37 years after escaping killing fields, a Cambodian returns as US Navy commander

US Navy Commander Michael Misiewicz docked the USS Mustin in Cambodia Friday. He last saw his homeland, and many of his relatives, as a boy fleeing the murderous Khmer Rouge.

By Clancy McGilligan, Contributor / December 3, 2010

Sihanoukville, Cambodia

US Navy Cmdr. Michael Misiewicz watched today as relatives prepared to board his destroyer, which was docked a few miles off the shore of Cambodia. He had not seen any of them since he left the Southeast Asian nation as a boy 37 years ago, escaping civil war and the murderous Khmer Rouge.

This photo released by the US embassy in Cambodia shows US Navy Commander Michael Vannak Khem Misiewicz, who fled Cambodia 37 years ago to escape the Khmer Rouge. He returned to Cambodia with the USS Mustin on Friday.

The commander’s face was impassive at first, but it softened as more and more extended family members were helped onto the barge below him. Then he saw his aunt, now 72, who had helped him leave for the US so many years ago. Commander Misiewicz walked slowly down the metal stairs and they embraced, weeping.

“When I saw her this morning,” he later told reporters on the ship, “I just couldn’t hold back the tears, I was so happy that she was here. It’s been a very long time.”

The USS Mustin, which arrived in Cambodia Friday, is on a four-day goodwill mission that includes meetings with the Cambodian Navy and community service projects. Misiewicz made it clear that he places his duties as captain first, but also said that he had been “overwhelmed” by emotions upon his return.

Escaping the Khmer Rouge

Now 43, Misiewicz was born Vannak Khem in the rice fields outside Phnom Penh. As a child, he spent some days watching movies and playing games at the house of his future adoptive mother, Maryna Lee Misiewicz, a US embassy employee for whom his aunt worked as a maid. As the civil war between the Cambodian government and the Khmer Rouge worsened, his aunt and father arranged for her to adopt him, and they left for the US in 1973.

“I liked the person I worked for very much,” says the now-frail aunt, Samrith Mol, referring to Ms. Misiewicz. “That’s why I decided to send my nephew for adoption. And I had the feeling that I would send him first and then I would follow him later. But unfortunately the war happened, so I could not go with my nephew.”

Misiewicz, who describes himself as “happy go lucky” as a child, remembers the tearful goodbyes of his mother, and said he promised to buy her a “big white house.” He recalls being excited by the prospect of a trip to America, which to a 6-year-old boy meant watching movies and eating limitless popcorn there. When he arrived, the absence of his family set in.

"I cried a lot when I first came,” he told the Monitor in an interview on the ship. “It had hit me: This is not just a fun trip, this is separation that’s permanent from your family.”

Cambodian in the American Midwest

Misiewicz, who speaks English with a Midwestern accent (he doesn’t remember how to speak Khmer, the language of Cambodia), went to high school in Lanark, a town in northern Illinois with a population of about 1,500. He was the only non-Caucasian.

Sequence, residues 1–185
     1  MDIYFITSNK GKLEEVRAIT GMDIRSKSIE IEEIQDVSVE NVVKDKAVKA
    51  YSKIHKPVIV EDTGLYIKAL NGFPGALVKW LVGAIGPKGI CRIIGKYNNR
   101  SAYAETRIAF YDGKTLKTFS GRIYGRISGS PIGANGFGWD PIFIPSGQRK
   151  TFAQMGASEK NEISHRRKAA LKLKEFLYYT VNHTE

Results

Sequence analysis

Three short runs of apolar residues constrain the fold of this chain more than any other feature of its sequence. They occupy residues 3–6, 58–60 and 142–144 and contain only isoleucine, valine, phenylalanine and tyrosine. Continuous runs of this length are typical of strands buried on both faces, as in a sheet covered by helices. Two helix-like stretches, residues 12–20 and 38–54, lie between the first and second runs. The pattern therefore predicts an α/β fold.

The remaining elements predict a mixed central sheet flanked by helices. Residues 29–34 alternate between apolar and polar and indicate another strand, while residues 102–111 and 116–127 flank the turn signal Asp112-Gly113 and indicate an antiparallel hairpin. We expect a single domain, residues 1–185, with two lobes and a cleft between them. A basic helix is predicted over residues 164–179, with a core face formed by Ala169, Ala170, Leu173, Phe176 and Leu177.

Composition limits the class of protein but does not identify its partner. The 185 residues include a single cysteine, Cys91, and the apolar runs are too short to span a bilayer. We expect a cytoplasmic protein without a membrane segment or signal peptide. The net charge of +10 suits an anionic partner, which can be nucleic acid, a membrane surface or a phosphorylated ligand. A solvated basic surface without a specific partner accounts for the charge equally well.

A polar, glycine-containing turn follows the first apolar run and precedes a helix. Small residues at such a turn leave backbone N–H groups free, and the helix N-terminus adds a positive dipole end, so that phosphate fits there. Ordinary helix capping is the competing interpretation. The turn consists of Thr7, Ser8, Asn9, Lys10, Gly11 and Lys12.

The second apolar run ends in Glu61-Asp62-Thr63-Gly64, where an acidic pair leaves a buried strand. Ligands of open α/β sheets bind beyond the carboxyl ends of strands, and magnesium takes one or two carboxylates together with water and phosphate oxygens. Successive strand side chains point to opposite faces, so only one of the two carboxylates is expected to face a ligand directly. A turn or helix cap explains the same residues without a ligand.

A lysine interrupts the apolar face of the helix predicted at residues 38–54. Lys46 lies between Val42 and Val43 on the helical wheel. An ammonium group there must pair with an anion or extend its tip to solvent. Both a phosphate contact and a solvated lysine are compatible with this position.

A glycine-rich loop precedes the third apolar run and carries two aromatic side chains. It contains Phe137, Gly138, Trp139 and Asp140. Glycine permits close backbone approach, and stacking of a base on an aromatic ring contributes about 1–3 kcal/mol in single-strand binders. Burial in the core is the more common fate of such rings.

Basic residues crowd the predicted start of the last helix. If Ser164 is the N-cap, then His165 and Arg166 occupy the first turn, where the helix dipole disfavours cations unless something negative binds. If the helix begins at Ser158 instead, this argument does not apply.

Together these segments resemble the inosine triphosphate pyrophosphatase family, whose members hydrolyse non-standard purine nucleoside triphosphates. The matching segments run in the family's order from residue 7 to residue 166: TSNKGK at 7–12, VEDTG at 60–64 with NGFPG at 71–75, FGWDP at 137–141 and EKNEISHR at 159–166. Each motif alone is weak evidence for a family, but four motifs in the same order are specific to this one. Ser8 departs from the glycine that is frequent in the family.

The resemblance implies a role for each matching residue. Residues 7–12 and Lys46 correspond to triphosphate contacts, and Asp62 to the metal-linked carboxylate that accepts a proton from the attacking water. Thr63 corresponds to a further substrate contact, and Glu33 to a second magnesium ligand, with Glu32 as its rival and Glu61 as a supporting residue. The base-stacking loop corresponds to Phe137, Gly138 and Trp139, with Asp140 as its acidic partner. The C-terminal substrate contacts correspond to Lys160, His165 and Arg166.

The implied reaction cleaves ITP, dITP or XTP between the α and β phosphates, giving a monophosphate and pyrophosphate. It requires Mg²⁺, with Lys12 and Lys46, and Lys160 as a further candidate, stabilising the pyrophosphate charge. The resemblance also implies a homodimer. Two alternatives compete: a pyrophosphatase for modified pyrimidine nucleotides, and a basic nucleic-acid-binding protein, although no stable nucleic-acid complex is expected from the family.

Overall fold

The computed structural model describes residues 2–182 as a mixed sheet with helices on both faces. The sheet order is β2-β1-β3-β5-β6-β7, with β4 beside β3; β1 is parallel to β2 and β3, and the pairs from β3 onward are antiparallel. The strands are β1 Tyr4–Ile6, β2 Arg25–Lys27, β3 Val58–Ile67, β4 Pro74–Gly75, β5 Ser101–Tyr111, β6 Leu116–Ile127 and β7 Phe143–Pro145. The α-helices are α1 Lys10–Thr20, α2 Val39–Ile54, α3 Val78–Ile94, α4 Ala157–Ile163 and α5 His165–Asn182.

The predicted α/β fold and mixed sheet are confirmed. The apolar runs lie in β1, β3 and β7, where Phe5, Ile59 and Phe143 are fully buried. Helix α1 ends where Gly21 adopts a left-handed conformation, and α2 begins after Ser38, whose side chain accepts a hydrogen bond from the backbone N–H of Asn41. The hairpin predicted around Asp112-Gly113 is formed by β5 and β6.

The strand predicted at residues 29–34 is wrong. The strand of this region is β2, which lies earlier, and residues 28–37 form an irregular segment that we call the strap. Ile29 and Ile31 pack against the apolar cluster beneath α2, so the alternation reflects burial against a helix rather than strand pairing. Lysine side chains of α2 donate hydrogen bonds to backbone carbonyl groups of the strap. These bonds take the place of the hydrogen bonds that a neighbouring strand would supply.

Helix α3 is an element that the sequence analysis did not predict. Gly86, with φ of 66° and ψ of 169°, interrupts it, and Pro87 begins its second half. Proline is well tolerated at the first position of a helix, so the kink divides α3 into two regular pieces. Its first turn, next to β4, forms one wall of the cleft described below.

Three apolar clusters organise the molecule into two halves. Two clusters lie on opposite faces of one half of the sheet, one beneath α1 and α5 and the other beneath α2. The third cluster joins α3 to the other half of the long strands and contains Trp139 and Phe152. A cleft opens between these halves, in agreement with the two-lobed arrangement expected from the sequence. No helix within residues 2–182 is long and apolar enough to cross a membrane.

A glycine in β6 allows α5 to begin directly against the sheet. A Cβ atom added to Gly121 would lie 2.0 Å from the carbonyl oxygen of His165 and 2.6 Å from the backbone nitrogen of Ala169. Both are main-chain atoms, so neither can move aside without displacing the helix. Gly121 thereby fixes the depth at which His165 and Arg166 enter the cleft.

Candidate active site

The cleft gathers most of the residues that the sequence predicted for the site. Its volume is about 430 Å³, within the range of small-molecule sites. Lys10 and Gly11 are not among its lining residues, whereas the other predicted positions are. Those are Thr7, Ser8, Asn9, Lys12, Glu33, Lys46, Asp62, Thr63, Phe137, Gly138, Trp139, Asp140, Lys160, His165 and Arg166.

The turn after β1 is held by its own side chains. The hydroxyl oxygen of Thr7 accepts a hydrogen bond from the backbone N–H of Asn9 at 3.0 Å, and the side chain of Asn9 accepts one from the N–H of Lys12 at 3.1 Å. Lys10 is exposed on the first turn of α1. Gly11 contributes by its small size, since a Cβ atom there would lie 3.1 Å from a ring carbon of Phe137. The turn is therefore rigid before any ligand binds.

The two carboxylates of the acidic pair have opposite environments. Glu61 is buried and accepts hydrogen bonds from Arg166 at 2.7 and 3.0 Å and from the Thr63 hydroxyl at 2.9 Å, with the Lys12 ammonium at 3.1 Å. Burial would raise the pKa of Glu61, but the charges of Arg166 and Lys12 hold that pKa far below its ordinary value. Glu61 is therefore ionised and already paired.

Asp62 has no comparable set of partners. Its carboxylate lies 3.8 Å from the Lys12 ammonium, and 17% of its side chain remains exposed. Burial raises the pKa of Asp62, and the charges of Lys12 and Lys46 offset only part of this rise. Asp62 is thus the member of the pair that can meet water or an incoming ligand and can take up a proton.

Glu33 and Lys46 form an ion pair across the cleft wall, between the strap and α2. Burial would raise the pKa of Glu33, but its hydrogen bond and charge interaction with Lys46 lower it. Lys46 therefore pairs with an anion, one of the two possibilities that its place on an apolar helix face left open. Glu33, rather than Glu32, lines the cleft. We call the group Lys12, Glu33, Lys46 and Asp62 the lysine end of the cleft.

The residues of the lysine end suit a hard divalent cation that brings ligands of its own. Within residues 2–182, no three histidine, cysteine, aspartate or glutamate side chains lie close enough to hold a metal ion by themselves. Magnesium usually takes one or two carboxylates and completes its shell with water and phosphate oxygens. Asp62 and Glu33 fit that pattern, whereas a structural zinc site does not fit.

He says he decided to go into the Navy partly to spare his adoptive mother, a single parent, the expense of college. After enlisting in 1985, he received a commission in 1992, and says he has learned to love his career. Officers on board the USS Mustin, a 510-foot missile destroyer, spoke highly of their commander.

“Now the ultimate joy is being able to lead sailors who are like me, who just wanted to have an opportunity,” Misiewicz says.

Yet as he rose through the ranks of the US Navy, Misiewicz was haunted by memories of his family. The Khmer Rouge sealed off Cambodia to the outside world, and for 16 years after moving to the US Misiewicz did not know what had become of his parents and siblings.

Long awaited reunion

As it turned out, his mother and three siblings had survived the regime, under which an estimated 1.7 million people died of executions, starvation, disease, and overwork. They fled to refugee camps along the Thai border and in 1983 received asylum in America. They then moved to Texas, but it took another six years to find the boy they knew as Vannak Khem. The search included a lot of phonebooks and the aid of a graduate student in Southeast Asian studies at the University of Texas.

“We knew he was alive, but we just didn’t know where he was,” says his younger brother, Rithy Khem, who lives in Austin but traveled to Cambodia for his brother’s first return.

The 1989 phone call that reunited them was bittersweet: Misiewicz learned that his father and a younger sister had died in Cambodia's “killing fields.”

Misiewicz, who is now married with four children, stays in touch with his Cambodian mother and siblings, although he says the “Navy lifestyle” restricts visits. And he has bought his mom a house, although he said, “It wasn’t quite a big white house.”

“For years I’ve been feeling a lot of guilt because my whole family did go through the killing fields,” he says. “My father was executed, and so I feel very sad, but I think coming home will bring a little bit of closure. I don’t think it’s going to really heal any wounds that I feel about it, but it’s going to help me bring closure to the loss of my father.”


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